According to Power (1997), the ever increasing gap between the managers and employees in public institutions have resulted into vertical consolidation of management structures which in turn has led to exaggeration of hierarchical controls in these institutions (350). The new policy changes as Power observes, has further caused drastic changes in the cultures of these public institutions. This impact is in relation to planning, setting, internal control systems and meaures and so on. This has subsequently resulted into many cultures of public institutions to be featured as hierarchical, high work oriented individualism and competition (Power, 350). The decrease in collegiality has been one of the main issues in the new organizational culture.
From the studies in this discussion, it is evident that managerialism and marketization culture has affected negatively on employees and the state as an employer. It is clear that many employees are not contented on the new values and work demand brought about by the new policies. The reforms in managerialism and marketization are focused on cost reduction, work efficiency and performance improvement and other political ideologies. Because of this, employees have encountered increased level of stress and uncertainty regarding their careers. In addition, employees are now not involved in decision-making processes, a factor which have demoralized them.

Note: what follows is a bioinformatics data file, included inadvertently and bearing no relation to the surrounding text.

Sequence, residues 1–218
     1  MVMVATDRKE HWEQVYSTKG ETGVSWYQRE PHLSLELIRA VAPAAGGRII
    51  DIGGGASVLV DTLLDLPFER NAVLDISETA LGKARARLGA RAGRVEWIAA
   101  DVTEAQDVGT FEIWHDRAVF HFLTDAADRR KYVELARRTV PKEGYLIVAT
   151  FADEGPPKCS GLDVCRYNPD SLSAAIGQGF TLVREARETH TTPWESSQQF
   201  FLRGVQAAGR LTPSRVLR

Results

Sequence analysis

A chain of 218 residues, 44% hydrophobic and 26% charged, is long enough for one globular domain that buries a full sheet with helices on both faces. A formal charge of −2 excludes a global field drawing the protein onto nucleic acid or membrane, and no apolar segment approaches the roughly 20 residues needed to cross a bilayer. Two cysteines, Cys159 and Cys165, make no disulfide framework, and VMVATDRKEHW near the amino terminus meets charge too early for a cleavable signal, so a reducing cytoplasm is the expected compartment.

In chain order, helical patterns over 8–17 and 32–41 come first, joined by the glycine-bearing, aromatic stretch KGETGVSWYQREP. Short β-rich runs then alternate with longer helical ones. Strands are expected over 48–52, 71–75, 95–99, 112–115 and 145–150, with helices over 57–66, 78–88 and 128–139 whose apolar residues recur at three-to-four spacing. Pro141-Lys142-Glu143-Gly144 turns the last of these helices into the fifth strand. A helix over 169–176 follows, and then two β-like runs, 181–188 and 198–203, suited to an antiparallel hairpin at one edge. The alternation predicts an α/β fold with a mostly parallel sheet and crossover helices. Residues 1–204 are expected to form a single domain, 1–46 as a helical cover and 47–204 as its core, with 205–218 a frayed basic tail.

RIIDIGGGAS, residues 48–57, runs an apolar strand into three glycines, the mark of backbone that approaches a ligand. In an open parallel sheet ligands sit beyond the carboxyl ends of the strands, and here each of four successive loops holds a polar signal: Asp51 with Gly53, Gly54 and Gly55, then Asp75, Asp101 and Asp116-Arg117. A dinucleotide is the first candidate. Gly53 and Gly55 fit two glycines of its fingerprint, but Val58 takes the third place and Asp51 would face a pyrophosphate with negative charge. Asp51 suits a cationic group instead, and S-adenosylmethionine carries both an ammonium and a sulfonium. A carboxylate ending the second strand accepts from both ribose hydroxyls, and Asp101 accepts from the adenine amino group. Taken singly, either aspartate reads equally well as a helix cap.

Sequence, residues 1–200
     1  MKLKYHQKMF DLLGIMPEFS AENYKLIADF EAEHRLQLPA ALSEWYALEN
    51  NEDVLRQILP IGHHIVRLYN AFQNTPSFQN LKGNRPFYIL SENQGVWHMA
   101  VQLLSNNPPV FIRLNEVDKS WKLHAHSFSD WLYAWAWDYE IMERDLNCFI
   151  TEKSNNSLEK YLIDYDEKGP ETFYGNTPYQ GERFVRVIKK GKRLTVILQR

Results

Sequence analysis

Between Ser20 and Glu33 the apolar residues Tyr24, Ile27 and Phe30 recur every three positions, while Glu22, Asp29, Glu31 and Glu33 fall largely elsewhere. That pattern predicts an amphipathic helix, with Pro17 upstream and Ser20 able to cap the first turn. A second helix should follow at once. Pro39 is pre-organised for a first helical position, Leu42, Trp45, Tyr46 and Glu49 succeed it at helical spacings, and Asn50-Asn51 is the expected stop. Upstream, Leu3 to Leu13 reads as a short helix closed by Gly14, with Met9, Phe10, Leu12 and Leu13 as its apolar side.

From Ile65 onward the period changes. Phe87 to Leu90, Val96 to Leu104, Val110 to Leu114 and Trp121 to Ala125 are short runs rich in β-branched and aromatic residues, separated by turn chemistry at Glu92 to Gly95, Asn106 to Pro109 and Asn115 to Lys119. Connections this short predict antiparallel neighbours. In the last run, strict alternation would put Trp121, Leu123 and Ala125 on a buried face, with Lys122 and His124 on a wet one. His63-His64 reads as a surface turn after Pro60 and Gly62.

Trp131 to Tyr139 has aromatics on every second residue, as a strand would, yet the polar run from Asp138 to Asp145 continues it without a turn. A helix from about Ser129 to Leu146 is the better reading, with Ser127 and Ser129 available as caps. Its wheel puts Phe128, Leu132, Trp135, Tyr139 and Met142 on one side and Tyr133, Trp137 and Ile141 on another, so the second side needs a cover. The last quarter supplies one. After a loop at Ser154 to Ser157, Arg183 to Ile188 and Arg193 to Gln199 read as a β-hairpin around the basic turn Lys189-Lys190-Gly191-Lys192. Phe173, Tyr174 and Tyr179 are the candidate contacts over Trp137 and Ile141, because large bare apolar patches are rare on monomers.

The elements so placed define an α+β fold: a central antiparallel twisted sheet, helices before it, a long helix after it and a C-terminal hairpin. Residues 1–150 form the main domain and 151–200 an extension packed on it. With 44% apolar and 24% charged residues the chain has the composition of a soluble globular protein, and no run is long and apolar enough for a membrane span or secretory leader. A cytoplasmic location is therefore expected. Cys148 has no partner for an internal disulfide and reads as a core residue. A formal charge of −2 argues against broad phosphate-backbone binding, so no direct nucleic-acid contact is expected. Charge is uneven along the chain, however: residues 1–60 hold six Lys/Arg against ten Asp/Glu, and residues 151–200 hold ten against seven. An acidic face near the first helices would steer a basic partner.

As revealed in this study, managerialism and marketization were introduced chiefly to achieve a specific hidden government agendas such as quality initiatives and employee accountability and performance. Further, the requirement of quality initiatives and performance measures was a political ploy to reduce the cost of goods and service production in public institutions. This has ultimately resulted into employees having to do a lot of work with less reward. Additionally, employees in the public sector are now less homogenous with decreased flexibility in their workplaces. The state as an employer may gain in this new initiatives and policies through increased efficiency of her employees and cost reduction but subsequently experience a “brain drain” from the dissatisfied and demoralized workers. This factor will also led to increased job turnover in specific professions of the public sector.